Our 2010 Dodge Journey trim comparison will help you decide.

Dodge Journey Articles

2010 Dodge Journey Safety Ratings

Crash-Test Reports

IIHS Ratings

Based on Dodge Journey R/T

Head Restraints and Seats
Moderate overlap front
Roof Strength

IIHS Ratings

Based on Dodge Journey R/T

G Good
A Acceptable
M Marginal
P Poor

Head Restraints and Seats

Dynamic Rating
Overall Rear
Seat Head/Restraint Geometry

Moderate overlap front

Left Leg/Foot
Overall Front
Right Leg/Foot
Structure/safety cage


Roof Strength


Driver Head Protection
Driver Head and Neck
Driver Pelvis/Leg
Driver Torso
Overall Side
Rear Passenger Head Protection
Rear Passenger Head and Neck
Rear Passenger Pelvis/Leg
Rear Passenger Torso
Structure/safety cage
Insurance Institute for Highway Safety (IIHS) is a nonprofit research and communications organization funded by auto insurers. IIHS rates vehicles good, acceptable, marginal or poor based on performance in high-speed front and side crash tests. IIHS also evaluates seat/head restraints for protection against neck injuries in rear impacts.

NHTSA Ratings

Based on Dodge Journey R/T

Overall Rollover Rating

NHTSA Ratings

Based on Dodge Journey R/T

Overall Rollover Rating
Front Seat
Rear Seat
Side Barrier Rating Driver
Side Barrier Rating Passenger Rear Seat
National Highway Traffic Safety Administration (NHTSA) is part of the U.S. Department of Transportation. NHTSA provides vehicle safety information such as front- and side-crash ratings and rollover ratings. Vehicles are rated using a star rating system from 1-5 stars, with 5 being the highest.

Service & Repair

Estimated Service & Repair cost: $3,900 per year.

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Warranty Coverage





Roadside Assistance Coverage


What you should get in your warranty can be confusing. Make sure you are informed.

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Warranties Explained


Often called a basic warranty or new-vehicle warranty, a bumper-to-bumper policy covers components like air conditioning, audio systems, vehicle sensors, fuel systems and major electrical components. Most policies exclude regular maintenance like fluid top offs and oil changes, but a few brands have separate free-maintenance provisions, and those that do offer them is slowly rising. Bumper-to-bumper warranties typically expire faster than powertrain warranties.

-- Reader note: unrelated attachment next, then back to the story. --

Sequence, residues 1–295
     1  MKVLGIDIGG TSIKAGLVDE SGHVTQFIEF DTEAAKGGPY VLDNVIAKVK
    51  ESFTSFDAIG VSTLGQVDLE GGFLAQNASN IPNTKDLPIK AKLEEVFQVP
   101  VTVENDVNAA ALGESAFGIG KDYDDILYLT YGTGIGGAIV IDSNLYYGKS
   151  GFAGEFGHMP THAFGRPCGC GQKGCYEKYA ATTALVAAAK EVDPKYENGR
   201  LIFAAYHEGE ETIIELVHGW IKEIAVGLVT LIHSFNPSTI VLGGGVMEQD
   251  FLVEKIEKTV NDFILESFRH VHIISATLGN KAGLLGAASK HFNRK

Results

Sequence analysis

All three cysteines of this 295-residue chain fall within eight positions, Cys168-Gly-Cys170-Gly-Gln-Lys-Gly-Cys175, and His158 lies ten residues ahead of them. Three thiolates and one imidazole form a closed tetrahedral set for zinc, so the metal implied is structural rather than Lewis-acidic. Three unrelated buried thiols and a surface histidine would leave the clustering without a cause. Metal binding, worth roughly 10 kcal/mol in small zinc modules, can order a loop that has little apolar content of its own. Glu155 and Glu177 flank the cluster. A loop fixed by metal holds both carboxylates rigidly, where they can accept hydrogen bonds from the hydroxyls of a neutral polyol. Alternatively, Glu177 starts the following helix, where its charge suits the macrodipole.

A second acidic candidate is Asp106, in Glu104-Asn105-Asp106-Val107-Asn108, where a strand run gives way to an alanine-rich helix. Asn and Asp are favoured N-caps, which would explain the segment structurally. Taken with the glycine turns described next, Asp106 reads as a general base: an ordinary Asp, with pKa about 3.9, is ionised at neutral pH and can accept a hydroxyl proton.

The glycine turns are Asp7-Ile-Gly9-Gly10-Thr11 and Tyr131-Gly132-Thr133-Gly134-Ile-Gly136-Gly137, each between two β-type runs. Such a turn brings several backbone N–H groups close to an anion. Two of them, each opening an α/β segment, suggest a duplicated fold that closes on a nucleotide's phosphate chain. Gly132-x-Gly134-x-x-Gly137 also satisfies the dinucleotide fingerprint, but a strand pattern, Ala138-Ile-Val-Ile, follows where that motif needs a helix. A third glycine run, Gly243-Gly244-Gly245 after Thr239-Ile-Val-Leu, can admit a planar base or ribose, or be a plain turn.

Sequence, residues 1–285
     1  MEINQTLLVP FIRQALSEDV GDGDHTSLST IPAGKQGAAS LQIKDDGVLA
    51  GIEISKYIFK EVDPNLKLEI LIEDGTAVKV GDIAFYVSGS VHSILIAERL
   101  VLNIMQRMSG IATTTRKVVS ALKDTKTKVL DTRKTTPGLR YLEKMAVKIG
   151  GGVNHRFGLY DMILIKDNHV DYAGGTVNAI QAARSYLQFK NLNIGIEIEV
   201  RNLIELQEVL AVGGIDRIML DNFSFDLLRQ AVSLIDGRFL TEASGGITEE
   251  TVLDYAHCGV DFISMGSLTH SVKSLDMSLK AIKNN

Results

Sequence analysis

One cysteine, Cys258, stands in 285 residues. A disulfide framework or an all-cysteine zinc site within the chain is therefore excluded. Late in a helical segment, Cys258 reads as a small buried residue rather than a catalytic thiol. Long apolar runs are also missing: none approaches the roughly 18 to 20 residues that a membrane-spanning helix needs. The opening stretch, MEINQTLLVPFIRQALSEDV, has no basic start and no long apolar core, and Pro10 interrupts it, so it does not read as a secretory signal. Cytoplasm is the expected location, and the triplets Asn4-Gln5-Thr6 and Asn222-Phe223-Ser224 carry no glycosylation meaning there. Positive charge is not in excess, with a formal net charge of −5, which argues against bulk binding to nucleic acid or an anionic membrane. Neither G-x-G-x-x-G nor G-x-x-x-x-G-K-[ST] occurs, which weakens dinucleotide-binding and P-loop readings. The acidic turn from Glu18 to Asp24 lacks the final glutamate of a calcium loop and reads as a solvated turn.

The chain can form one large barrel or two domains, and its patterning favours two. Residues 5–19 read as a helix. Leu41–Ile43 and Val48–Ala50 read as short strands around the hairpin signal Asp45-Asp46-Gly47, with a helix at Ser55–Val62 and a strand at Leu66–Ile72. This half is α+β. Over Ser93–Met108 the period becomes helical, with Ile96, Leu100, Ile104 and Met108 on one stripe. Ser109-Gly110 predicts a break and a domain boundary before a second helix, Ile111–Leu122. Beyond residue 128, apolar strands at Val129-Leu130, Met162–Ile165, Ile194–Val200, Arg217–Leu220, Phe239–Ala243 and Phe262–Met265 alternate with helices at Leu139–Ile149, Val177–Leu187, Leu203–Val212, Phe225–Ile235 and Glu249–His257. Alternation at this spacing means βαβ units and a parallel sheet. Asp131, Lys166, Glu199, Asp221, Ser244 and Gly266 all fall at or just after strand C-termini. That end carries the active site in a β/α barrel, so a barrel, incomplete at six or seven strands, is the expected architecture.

Don't be misled a 10-year or 100,000-mile powertrain warranty doesn't promise a decade of free repairs for your car. It typically covers just the engine and transmission, along with any other moving parts that lead to the wheels, like the driveshaft and constant velocity joints. Some automakers also bundle seat belts and airbags into their powertrain warranties. With a few exceptions, powertrain warranties don't cover regular maintenance like engine tuneups and tire rotations.

Roadside Assistance

Some automakers include roadside assistance with their bumper-to-bumper or powertrain warranties, while others have separate policies. These programs cover anything from flat-tire changes and locksmith services to jump-starts and towing. Few reimburse incidental costs like motel rooms (if you have to wait for repairs).

Free Scheduled Maintenance

Some automakers include free scheduled maintenance for items such as oil changes, air filters and tire rotations. Some include consumables including brake pads and windshield wipers; others do not. They are typically for the first couple of years of ownership of a new car.